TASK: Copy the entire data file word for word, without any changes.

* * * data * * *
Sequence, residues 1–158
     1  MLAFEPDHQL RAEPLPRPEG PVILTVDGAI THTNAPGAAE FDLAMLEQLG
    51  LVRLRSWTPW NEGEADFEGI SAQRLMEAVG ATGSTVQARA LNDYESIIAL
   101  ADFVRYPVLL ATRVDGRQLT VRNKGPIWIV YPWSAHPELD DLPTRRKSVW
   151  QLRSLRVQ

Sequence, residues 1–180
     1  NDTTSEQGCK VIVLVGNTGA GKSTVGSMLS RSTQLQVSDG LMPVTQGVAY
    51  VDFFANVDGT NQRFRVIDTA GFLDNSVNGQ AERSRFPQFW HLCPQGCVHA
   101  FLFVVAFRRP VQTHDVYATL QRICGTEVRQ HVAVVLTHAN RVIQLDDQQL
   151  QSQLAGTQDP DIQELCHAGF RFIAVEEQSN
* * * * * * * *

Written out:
Sequence, residues 1–158
     1  MLAFEPDHQL RAEPLPRPEG PVILTVDGAI THTNAPGAAE FDLAMLEQLG
    51  LVRLRSWTPW NEGEADFEGI SAQRLMEAVG ATGSTVQARA LNDYESIIAL
   101  ADFVRYPVLL ATRVDGRQLT VRNKGPIWIV YPWSAHPELD DLPTRRKSVW
   151  QLRSLRVQ

Sequence, residues 1–180
     1  NDTTSEQGCK VIVLVGNTGA GKSTVGSMLS RSTQLQVSDG LMPVTQGVAY
    51  VDFFANVDGT NQRFRVIDTA GFLDNSVNGQ AERSRFPQFW HLCPQGCVHA
   101  FLFVVAFRRP VQTHDVYATL QRICGTEVRQ HVAVVLTHAN RVIQLDDQQL
   151  QSQLAGTQDP DIQELCHAGF RFIAVEEQSN